Friday, 19 August 2011


FIRST, A NEW IDEA:  A fun but completely pointless 'Who said that?' series.

On each post, there'll be a quote from a well-known film.  The first person to say which film it's from will be rewarded by an electronic waft of floral delight.  If you get the name of the speaker and the listener, you might even recieve one of Apple-Burberry's newest, sparkliest gadget, the iClapp and thereby store your moments of triumph on a sleek, envy-arousing gizmo. You can play them back to yourself whenever you reach a low point and need cheering up.

So here goes:

Quote quiz number one.

Who said:
'We have the motive, which is money, and the body, which is dead'
And a bonus point if you can name the person(s) to whom it was said.

My wild cornflowers, Centaurea cyanus.  The plants in my garden originate from seed collected nearly thirty years ago – from the wild, in the Touraine, France – and have been propagated by me every year since.  I brought seed to our new home when we moved. Truly wild cornflowers are deep, sapphire blue, single and are smaller, thinner stemmed and lighter than the galumphing things you get from packets of seeds.  They fade to this paler blue when the season has advanced and the plants are growing old.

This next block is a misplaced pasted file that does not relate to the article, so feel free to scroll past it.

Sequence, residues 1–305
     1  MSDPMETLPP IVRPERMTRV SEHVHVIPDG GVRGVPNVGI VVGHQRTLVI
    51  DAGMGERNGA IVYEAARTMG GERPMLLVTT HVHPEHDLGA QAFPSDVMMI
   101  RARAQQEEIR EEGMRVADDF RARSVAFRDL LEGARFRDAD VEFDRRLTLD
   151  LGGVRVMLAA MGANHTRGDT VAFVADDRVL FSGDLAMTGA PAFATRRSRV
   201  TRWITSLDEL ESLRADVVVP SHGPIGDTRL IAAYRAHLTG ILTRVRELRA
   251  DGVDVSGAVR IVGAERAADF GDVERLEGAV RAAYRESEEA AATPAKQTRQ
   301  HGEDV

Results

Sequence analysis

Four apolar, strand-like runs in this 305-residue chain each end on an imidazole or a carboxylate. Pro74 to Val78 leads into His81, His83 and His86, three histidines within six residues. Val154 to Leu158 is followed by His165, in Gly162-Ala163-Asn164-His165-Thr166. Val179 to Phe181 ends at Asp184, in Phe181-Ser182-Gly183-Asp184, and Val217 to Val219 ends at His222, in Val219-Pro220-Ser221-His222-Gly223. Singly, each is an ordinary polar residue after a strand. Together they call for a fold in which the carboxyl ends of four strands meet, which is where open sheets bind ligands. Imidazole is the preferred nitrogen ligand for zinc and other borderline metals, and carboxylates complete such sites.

Now then, where were we . . . . Oh, yes,

My good friend James Alexander Sinclair confesses to an attack of August lethargy in a recent post and how right he is.  Three weeks ago, I was eating my heart out about the sow thistle seeds blowing across our autumn border and trying to pull up as many of the plants as I could reach; today, I've just been gazing at them in a dreamy trance.  I blame the late J. A. Baker, whose exquisite nature book The Peregrine is an exquisitely minute study of the bird of prey. He takes gazing in dreamy trances to new levels and when you read his lilting, poetical prose, you are profoundly moved, even though reading it is extremely hard work because you need to take each sentence at a slow, ambling, pace without for one second, losing attention.